WHITEFISH – A new research paper published in Fisheries magazine explores how a warming climate is affecting trout streams in the Flathead River basin and throughout the Rocky Mountains, and urges quick action if native trout populations are to persist in diminishing cold-water habitats.
The report examines the climate histories of five river basins in the Rocky Mountains, including the Flathead River, which is home to robust populations of native bull trout and westslope cutthroat trout. In every case, stream characteristics have been adversely affected by warming trends, which have led to higher stream temperatures and habitat fragmentation.
The report’s authors include Clint Muhlfeld, an aquatic ecologist at the U.S. Geological Survey’s Glacier National Park field office, and Daniel Isaak, of the U.S. Forest Service’s Rocky Mountain Research Station in Boise, Idaho. The researchers said the retrospective assessment helps develop a trajectory for future warming based on historical trends in watersheds monitored and recorded during the past six decades.
To better understand the potential consequences, the report also offers empirical evidence of threats that already are occurring, and which will only be exacerbated by future climate change.
“We are using the past as a guide to the future,” Muhlfeld said. “We are developing predictive models to forecast changes to streams, ecosystems and species, but with this study we wanted to look at the empirical data that has already been collected throughout the western United States to see what changes have occurred in these watersheds of interest. This isn’t speculation, this is happening.”
The evidence indicates that as winter snowpack declines, spring runoff occurs earlier, peak summer flows dwindle and stream temperatures spike, trout in the western United States increasingly will be squeezed into shrinking cold-water refuges, and not all populations will survive.
“Despite the best intentions, we will not be able to preserve all populations of native trout in the Rocky Mountains this century,” the report states. “However, it should soon be possible to have the tools and information to know when and where resource commitments are best made under a given set of assumptions about future climate change.”
Isaak said the report, titled “The Past as Prelude to the Future for Understanding 21st-Century Climate Effects on Rocky Mountain Trout,” will help inform management decisions so that resources are used efficiently and not squandered on populations of species that are too fragmented to save.
“We are not going to be able to save all populations everywhere, and that is a pretty significant shift in our thinking,” Isaak said. “Previously we were trying to hang on to every last cutthroat population and every last bull trout population, and I don’t see that happening realistically given the direction we are going. We are going to have to make some choices and the sooner we can make those choices the better. But at the same time we need to be able to look before we leap.”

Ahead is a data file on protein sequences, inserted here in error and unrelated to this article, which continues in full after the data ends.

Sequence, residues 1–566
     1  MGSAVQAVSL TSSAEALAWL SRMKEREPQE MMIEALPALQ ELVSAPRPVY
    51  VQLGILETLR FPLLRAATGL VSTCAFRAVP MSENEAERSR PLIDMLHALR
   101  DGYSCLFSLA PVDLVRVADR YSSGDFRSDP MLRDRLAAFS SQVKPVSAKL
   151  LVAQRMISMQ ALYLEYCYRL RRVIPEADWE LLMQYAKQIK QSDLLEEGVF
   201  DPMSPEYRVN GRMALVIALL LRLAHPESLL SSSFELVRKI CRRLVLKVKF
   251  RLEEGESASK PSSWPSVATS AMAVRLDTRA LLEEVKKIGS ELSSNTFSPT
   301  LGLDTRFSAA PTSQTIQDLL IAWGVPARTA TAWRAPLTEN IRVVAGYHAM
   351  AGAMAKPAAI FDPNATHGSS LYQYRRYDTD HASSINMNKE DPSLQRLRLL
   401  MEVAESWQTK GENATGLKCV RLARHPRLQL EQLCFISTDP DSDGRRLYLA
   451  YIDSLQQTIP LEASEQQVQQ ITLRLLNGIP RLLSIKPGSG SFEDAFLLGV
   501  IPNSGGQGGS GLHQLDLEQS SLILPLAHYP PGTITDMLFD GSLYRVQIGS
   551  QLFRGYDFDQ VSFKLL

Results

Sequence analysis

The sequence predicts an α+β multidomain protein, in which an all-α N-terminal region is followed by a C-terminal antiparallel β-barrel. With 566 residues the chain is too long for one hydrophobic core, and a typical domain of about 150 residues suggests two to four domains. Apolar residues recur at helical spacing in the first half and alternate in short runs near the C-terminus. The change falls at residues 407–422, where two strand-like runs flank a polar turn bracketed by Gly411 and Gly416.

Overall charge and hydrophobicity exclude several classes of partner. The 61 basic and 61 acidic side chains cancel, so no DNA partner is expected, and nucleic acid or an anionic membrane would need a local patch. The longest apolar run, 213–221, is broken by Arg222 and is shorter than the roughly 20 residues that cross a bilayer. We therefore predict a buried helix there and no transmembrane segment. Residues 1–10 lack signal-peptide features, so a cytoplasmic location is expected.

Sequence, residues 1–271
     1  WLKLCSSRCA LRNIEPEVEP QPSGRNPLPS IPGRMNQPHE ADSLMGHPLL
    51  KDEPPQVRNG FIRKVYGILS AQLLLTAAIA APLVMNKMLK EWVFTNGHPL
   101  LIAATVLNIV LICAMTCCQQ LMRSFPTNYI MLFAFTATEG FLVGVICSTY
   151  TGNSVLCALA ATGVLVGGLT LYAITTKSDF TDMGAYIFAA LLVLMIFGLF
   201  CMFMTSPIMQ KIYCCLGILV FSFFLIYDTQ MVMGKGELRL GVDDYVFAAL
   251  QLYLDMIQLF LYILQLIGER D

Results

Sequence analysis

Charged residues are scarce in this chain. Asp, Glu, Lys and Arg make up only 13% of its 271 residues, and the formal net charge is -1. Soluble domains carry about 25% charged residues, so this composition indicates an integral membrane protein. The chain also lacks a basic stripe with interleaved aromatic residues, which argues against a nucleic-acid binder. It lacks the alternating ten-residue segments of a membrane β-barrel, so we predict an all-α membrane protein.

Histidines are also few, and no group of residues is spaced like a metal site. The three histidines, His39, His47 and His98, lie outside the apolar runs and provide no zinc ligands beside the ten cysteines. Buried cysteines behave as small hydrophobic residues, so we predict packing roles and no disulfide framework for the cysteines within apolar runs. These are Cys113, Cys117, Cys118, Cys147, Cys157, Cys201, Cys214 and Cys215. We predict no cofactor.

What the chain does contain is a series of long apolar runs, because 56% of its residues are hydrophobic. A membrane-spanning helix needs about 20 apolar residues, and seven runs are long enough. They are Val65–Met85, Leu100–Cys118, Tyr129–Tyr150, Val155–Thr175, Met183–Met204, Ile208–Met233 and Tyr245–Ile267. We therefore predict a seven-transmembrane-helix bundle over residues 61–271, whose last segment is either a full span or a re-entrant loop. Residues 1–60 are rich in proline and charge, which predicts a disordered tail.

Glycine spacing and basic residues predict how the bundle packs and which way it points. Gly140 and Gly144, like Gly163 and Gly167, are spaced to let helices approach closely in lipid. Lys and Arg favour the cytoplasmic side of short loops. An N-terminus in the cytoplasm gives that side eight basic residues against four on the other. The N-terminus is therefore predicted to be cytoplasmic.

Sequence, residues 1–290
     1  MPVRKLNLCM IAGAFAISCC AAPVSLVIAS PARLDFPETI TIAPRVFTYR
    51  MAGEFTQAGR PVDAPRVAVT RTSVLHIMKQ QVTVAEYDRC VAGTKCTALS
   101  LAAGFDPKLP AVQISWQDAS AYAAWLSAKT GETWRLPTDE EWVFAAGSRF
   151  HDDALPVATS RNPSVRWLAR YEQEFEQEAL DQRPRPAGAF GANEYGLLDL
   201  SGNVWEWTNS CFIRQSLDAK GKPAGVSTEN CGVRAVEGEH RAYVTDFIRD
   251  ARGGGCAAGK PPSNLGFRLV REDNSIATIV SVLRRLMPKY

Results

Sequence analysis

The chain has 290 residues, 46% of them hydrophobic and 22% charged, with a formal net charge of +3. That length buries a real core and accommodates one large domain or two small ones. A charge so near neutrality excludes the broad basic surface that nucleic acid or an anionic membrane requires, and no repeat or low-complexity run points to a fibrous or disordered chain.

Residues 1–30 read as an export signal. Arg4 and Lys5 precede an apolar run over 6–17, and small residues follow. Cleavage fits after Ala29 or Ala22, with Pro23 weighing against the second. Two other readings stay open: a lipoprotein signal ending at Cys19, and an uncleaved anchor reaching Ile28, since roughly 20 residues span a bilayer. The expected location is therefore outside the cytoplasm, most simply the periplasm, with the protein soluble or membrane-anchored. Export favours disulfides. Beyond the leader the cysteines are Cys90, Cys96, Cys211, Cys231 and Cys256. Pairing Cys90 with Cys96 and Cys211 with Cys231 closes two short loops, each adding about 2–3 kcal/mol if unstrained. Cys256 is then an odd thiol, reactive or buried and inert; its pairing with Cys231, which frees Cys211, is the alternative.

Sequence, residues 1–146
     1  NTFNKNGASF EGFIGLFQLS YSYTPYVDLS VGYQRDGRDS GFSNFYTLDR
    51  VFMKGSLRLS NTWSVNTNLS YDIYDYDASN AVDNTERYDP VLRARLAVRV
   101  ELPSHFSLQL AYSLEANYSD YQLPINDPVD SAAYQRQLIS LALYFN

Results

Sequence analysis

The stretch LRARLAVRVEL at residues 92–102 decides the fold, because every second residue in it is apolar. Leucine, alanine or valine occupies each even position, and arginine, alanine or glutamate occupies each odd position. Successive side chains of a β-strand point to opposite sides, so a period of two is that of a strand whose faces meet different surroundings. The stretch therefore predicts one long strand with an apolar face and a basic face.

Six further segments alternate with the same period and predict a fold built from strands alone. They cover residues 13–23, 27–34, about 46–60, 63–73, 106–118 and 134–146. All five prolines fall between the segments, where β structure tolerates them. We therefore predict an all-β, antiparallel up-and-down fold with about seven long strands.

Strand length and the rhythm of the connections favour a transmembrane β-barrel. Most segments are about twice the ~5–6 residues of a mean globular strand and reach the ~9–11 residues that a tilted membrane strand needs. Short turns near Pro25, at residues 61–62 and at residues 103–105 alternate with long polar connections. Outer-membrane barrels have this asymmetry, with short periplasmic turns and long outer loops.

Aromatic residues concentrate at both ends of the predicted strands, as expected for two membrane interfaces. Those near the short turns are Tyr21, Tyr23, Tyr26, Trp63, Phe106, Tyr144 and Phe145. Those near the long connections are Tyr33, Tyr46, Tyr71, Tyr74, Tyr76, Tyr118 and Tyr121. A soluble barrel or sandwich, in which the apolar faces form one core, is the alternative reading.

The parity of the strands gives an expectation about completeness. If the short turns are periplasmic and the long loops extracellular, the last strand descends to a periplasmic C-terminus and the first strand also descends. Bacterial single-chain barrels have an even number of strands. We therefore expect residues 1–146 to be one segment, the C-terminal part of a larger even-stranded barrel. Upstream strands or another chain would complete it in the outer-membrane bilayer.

The article was published in the December edition of Fisheries magazine, a publication of the American Fisheries Society, and is available online at fisheries.org.
In addition to the Flathead River basin, the study also focused on the Greater Yellowstone Ecosystem, the Green River, the Rio Grande and the Boise River, and examined data recorded between 1950 and 2009.
Muhlfeld said certain actions that may offset future climate effects – habitat degradation, hybridization, rising temperatures and the threat of wildfire – include maintaining or restoring in-stream flows, increasing riparian vegetation to shade streams, and maximizing summer habitat volume.
Although bull trout are less susceptible to hybridization than cutthroat, the species is more susceptible to climate warming. Because they spawn in the fall, their egg nests, or redds, are vulnerable to scouring by high winter streamflows, which are swelling as autumn precipitation falls as rain instead of snow.
“We have some of the last of the best trout populations in the northern Rockies, but when you look under the hood it reveals some critical issues that we have to address,” Muhlfeld said. “There are existing stressors and changes happening right now that will increasingly challenge our trout populations given the future of climate change, and we’re calling for comprehensive management efforts. We are not going to save them all, but we can use these analyses to inform how we spend our money, invest our resources and direct our management.”
Reporter Tristan Scott can be reached at (406) 531-9745 or at firstname.lastname@example.org.